FATCA and CRS
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CRS and FATCA overview and regulations
The tax information reporting landscape has changed substantially in recent years and is set to become even more complex in the future.
Evolving international tax regulations are challenging organizations around the world to implement new procedures to maintain compliancy. Thomson Reuters ONESOURCE™ offers an integrated solution that combines key requirements for both the Foreign Account Tax Compliance Act (FATCA) and the Common Reporting Standard (CRS) compliance.
Understanding FATCA and CRS Compliance
FATCA and CRS have similar characteristics on the surface, but underneath there are differences that make universal compliance complex and challenging.
Introduced by the Internal Revenue Service (IRS), FATCA prevents US taxpayers who hold financial assets in non-US financial institutions and offshore accounts from avoiding taxation on their income and assets. Foreign financial institutions agree to report on these U.S. account holders or face 30% withholding on all U.S. income.
A global reporting standard for the automatic exchange of information (AEoI) set forth by the Organization for Economic Cooperation and Development (OECD). More than 96 countries share information on residents’ assets and incomes in conformation with reporting standards. CRS is more wide reaching than FATCA and requires a unified, cross-team effort to ensure readiness and compliance.
FATCA and CRS: how ready are you?
In this new era of global tax reporting there are more regulations than ever before around tax transparency. FATCA and CRS have a far-reaching global impact beyond the original intention of minimizing offshore tax evasion and regulating financial institutions. Our survey reveals the markets readiness for global tax reporting.
Whatever direction evolving legislation takes, Thomson Reuters will minimize the impact on your organization and future-proof your compliance program
Market-Leading CRS and FATCA Software
Thomson Reuters ONESOURCE™ offers market-leading software that simplifies the CRS and FATCA compliance process and removes the burden of formulating and implementing a new compliance policy. It also streamlines operational procedures and reduces resource requirements, saving time and money.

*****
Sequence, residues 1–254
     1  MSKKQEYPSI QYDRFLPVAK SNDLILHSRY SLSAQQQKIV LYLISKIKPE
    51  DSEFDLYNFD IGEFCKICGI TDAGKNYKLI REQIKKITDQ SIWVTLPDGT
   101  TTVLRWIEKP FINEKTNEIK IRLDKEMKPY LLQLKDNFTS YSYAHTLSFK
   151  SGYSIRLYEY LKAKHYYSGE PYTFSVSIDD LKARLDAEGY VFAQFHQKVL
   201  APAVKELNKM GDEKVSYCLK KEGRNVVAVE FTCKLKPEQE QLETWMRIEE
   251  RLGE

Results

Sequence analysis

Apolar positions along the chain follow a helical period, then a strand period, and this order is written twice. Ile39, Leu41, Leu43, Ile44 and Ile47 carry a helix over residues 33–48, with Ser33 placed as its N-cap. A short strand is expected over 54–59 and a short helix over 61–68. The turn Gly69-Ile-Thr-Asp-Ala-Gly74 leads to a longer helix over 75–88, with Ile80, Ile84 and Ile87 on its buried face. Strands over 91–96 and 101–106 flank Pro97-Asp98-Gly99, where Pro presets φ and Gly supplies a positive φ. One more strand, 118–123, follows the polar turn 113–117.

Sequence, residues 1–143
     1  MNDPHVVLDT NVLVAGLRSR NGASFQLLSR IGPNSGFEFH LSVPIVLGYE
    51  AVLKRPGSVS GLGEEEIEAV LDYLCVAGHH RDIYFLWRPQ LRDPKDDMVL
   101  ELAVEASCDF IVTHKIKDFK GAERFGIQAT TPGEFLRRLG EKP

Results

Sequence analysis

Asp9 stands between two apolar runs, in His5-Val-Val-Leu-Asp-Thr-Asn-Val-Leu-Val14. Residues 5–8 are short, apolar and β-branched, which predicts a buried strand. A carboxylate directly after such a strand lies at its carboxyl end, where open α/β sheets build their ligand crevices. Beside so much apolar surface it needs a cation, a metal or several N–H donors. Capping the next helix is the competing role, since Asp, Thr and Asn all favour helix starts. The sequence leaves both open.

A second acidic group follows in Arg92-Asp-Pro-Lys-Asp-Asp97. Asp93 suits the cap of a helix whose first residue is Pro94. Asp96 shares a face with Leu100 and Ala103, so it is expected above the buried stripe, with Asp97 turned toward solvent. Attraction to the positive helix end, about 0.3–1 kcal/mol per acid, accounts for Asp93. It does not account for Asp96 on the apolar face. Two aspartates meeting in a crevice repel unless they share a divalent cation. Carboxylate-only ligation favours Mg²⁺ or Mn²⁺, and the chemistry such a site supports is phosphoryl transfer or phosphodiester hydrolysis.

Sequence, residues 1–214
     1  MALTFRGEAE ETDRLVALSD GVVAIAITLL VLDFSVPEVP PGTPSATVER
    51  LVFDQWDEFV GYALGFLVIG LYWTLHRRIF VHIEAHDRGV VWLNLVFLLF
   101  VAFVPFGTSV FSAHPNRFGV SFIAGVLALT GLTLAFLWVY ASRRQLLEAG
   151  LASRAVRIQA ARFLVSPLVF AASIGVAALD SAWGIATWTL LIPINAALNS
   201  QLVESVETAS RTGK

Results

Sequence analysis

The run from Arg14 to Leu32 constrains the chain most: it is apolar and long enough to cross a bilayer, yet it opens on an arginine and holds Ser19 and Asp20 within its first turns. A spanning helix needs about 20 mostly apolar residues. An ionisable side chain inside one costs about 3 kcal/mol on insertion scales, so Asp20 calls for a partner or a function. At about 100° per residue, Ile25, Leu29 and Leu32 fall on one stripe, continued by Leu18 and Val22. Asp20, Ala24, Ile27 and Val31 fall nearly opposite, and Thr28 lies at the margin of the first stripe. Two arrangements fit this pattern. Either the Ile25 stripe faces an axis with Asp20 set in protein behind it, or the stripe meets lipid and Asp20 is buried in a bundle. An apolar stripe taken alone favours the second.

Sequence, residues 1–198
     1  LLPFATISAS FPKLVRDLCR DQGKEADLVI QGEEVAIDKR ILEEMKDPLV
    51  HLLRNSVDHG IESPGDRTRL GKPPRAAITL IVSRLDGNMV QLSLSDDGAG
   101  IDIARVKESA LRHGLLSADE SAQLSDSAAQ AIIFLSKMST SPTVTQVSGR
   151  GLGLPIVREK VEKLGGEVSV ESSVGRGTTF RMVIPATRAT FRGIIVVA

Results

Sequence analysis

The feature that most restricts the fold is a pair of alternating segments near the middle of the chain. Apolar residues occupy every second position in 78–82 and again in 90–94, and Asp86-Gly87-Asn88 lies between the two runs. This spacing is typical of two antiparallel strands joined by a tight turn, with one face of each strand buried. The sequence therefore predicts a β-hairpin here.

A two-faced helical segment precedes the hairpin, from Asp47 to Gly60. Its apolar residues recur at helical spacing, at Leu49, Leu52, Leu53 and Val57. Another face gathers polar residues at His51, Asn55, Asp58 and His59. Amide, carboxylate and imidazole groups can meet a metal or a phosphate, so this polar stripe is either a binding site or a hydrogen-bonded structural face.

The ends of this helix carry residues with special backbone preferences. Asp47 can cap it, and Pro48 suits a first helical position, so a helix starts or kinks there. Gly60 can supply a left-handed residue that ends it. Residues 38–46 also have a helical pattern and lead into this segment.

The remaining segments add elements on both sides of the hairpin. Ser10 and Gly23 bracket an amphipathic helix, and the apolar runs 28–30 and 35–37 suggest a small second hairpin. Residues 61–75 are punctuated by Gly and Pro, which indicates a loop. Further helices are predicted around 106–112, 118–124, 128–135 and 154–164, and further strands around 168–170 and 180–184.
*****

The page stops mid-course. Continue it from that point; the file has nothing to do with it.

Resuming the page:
Flexible and Scalable
Thomson Reuters ONESOURCE™ AEOI easily integrates with your existing process to meet your specific needs. Our sophisticated software ensures seamless workflow and delivery as FATCA and CRS impact your day-to-day compliance procedures.
An Established and Trusted Platform
Thomson Reuters ONESOURCE™ AEOI has the knowledge and expertise to assess and improve existing reporting solutions to further enhance your organization’s reputation and improve client service standards.
FATCA and CRS Solution
Global compliance reporting is rapidly becoming a new challenge for financial institutions. Thomson Reuters ONESOURCE™ AEOI Reporting offers an integrated solution that automates FATCA and CRS reporting to simplify your process.
A major component of FATCA and CRS requires financial institutions solicit and validate client tax documentation. Thomson Reuters ONESOURCE™ AEOI Documentation helps you gather client information now to ensure a more cost effective, efficient and streamlined reporting process.
News & Blogs
- Final, temporary regs modify, add to, FATCA reporting and withholding rules 4 Jan, 2017 - IRS has issued final and temporary regs that modify and add to existing regs under the Foreign Account Tax Compliance Act (FATCA), on the subjects of information reporting by foreign financial institutions (FFIs) with respect to U.S. accounts and withholding on certain payments to FFIs and other foreign entities.
- IRS releases final qualified intermediary withholding agreement 3 Jan, 2017 - January 3, 2017 Rev Proc 2017-15, 2017-3 IRB Revenue Procedure 2017-15; Qualified intermediary withholding agreement. In a Revenue Procedure, IRS has set out the final qualified intermediary withholding agreement (QI agreement) that foreign persons may enter with IRS under Reg. § 1.1441-1(e)(5) to simplify their obligations as withholding agents under chapters 3 and 4 and [...]
- Apple-Ireland EC Tax Ruling Could Shape Corporate Tax Policies 4 Oct, 2016 - The European Commission (EC) ruling that Ireland provided illegal tax benefits to Apple could cost Apple €13 billion ($14.5 billion) and significantly impact how companies do business in Europe. The ruling also underscores the challenges the EC increasingly faces and predicts how decisions made in Brussels could impact US tax revenues. The EC takes a [...]